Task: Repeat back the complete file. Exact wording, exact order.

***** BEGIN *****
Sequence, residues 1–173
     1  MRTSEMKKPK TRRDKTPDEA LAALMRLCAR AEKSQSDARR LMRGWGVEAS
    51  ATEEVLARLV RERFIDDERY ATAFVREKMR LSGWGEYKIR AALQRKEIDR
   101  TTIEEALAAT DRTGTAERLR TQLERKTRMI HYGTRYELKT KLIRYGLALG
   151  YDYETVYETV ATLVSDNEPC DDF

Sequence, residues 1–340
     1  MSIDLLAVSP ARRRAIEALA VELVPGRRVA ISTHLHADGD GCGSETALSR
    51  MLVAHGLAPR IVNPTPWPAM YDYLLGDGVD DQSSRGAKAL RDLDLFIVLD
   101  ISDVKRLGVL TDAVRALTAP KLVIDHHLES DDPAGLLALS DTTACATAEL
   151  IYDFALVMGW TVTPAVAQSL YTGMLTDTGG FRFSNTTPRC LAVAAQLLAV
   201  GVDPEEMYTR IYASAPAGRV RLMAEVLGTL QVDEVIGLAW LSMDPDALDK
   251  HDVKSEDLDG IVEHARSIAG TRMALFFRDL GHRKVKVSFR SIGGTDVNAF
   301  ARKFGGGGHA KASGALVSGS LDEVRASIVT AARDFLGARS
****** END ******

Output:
Sequence, residues 1–173
     1  MRTSEMKKPK TRRDKTPDEA LAALMRLCAR AEKSQSDARR LMRGWGVEAS
    51  ATEEVLARLV RERFIDDERY ATAFVREKMR LSGWGEYKIR AALQRKEIDR
   101  TTIEEALAAT DRTGTAERLR TQLERKTRMI HYGTRYELKT KLIRYGLALG
   151  YDYETVYETV ATLVSDNEPC DDF

Sequence, residues 1–340
     1  MSIDLLAVSP ARRRAIEALA VELVPGRRVA ISTHLHADGD GCGSETALSR
    51  MLVAHGLAPR IVNPTPWPAM YDYLLGDGVD DQSSRGAKAL RDLDLFIVLD
   101  ISDVKRLGVL TDAVRALTAP KLVIDHHLES DDPAGLLALS DTTACATAEL
   151  IYDFALVMGW TVTPAVAQSL YTGMLTDTGG FRFSNTTPRC LAVAAQLLAV
   201  GVDPEEMYTR IYASAPAGRV RLMAEVLGTL QVDEVIGLAW LSMDPDALDK
   251  HDVKSEDLDG IVEHARSIAG TRMALFFRDL GHRKVKVSFR SIGGTDVNAF
   301  ARKFGGGGHA KASGALVSGS LDEVRASIVT AARDFLGARS